When choosing or designing an ultrasonic cleaning system, there are certain considerations to keep in mind. These range from the types and size of objects to be cleaned to the particular type of contaminant that needs to be removed. This customization for your ultrasonic cleaner help determine everything from tank size to transducer frequency, as well as other ultrasonic cleaner design details.

Heat

Depending on the cleaning job to be done, heat will almost always be required. This can be controlled through either analog or digital controls. Ultrasonic cleaner activity heats liquid, so if a maximum temperature cannot be exceeded, the ultrasonic circuit, and the heating circuit, or both must shut off. Another option is a constant flow into and out of the tank of cooler flowing fluid or an external tank water jacket..

Filtration

With most contaminants, especially oils, filtration systems are necessary. When using an emulsifier solution, oils and other particulates will float suspended in the tank solution or sink to the bottom.

A pump must pull them from the main tank. If using a separator solution and only floating oils are present, an overflow weir is necessary to push fluid in from the surface of the bath through a set of filters in a closed loop process. A diverter valve can accommodate filtering from the overflow weir, the main tank or both simultaneously, depending upon the position of the valve.

Control Systems

Control systems give users the ability to control the volume or intensity of the ultrasonic action in the cleaning unit. This is sometimes necessary if wide assortments of parts are being cleaned.

Portability and Maneuverability of the Unit

Portability and maneuverability functions may be required. With smaller units, wheels or other specially-designed retrofits can be added. But for larger machinery, those typically over 350 gallons moving the unit typically requires a forklift…

Ultrasonic Cleaner Customization

Users may require some customization. Options such as, alarms, lights, auto fill and drains, conductivity meters, and output timers that automatically cycle a filtration or flush after an ultrasonic cycle will work if the application calls for it. However, basic batch machines are best left to be simple, low-option units as these make them easier to work with.

Location & Environment Considerations

An ultrasonic generator should never be in a room that has strong atmospheric acids, such as a plating line, which will corrode internal components. In this case, generators should be fitted with extended coax cables and be housed in a separate room. Equipment must be built to handle the overall moisture in the room where it is located. Circuit boards should be blown off occasionally, and generators also should be housed in a climate-controlled electrical housing.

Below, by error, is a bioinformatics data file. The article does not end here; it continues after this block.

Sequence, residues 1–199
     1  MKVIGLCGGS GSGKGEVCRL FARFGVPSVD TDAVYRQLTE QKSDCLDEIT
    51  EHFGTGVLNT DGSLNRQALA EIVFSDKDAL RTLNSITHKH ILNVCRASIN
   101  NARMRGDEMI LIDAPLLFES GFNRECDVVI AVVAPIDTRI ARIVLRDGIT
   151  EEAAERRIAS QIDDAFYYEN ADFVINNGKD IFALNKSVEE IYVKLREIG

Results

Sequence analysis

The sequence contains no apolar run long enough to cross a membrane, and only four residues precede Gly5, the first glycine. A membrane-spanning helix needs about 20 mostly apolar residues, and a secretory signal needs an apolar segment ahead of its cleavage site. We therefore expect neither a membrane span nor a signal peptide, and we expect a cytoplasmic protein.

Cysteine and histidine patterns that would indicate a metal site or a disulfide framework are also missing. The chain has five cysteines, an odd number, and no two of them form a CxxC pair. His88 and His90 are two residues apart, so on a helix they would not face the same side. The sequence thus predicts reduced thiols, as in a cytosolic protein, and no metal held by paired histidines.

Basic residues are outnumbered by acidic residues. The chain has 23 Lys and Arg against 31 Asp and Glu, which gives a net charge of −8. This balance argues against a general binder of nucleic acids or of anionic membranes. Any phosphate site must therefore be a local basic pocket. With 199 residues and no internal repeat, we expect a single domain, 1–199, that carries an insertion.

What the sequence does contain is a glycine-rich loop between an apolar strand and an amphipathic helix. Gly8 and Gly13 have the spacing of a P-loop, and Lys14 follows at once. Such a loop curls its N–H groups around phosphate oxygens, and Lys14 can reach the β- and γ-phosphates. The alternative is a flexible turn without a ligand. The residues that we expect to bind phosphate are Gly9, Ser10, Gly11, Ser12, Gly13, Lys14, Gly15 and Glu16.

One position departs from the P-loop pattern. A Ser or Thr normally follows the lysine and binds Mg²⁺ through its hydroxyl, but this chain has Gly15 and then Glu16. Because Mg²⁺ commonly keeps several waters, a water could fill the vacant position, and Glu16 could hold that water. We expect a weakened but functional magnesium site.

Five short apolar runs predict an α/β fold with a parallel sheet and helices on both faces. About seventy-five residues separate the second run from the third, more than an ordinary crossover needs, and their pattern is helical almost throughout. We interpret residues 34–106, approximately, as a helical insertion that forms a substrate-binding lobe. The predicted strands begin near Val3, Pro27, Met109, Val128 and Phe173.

Multi-stage Options

Many applications require more precise cleaning and rinsing that can only be accomplished in more than one stage. The number of stages required is determined by the application, the type of filtration necessary in each stage and whether a final hot air dryer stage is necessary.

Robotics also can be used to move parts baskets seamlessly from stage to stage with minimal labor.

Two-stage systems are a common design for multi-stage systems, though three- and four-stage systems are very popular especially if you are adding a dryer section.

Two-stage units don’t affect simplicity of use or portability. The first stage is an ultrasonic wash using a detergent followed by either a heated rinse to remove soap residue or a heated ultrasonic water rinse to ensure better final cleanliness.

Because of part complexity or the chemical makeup of the contamination, some applications may be more effective using multiple wash cycles differing in chemistries or rinse cycles.

Complex industrial items with intricate multi-threaded blind holes or requiring a higher degree of final cleanliness should also go through a rinsing process, preferably heated. Depending upon the level of cleanliness needed, the secondary rinse may be helped by adding ultrasound to remove residual debris and any remaining soap residue.

Designing a customized and effective ultrasonic cleaner involves knowing both what its purpose will be and what specific design functions should be taken into consideration. Fortunately, you have an expert partner in Omegasonics. Simply contact one of our ultrasonic cleaning consultants today at Omegasonics or give our experts a call at (888) 420-4445. We’ll help you design the right ultrasonic cleaner for you!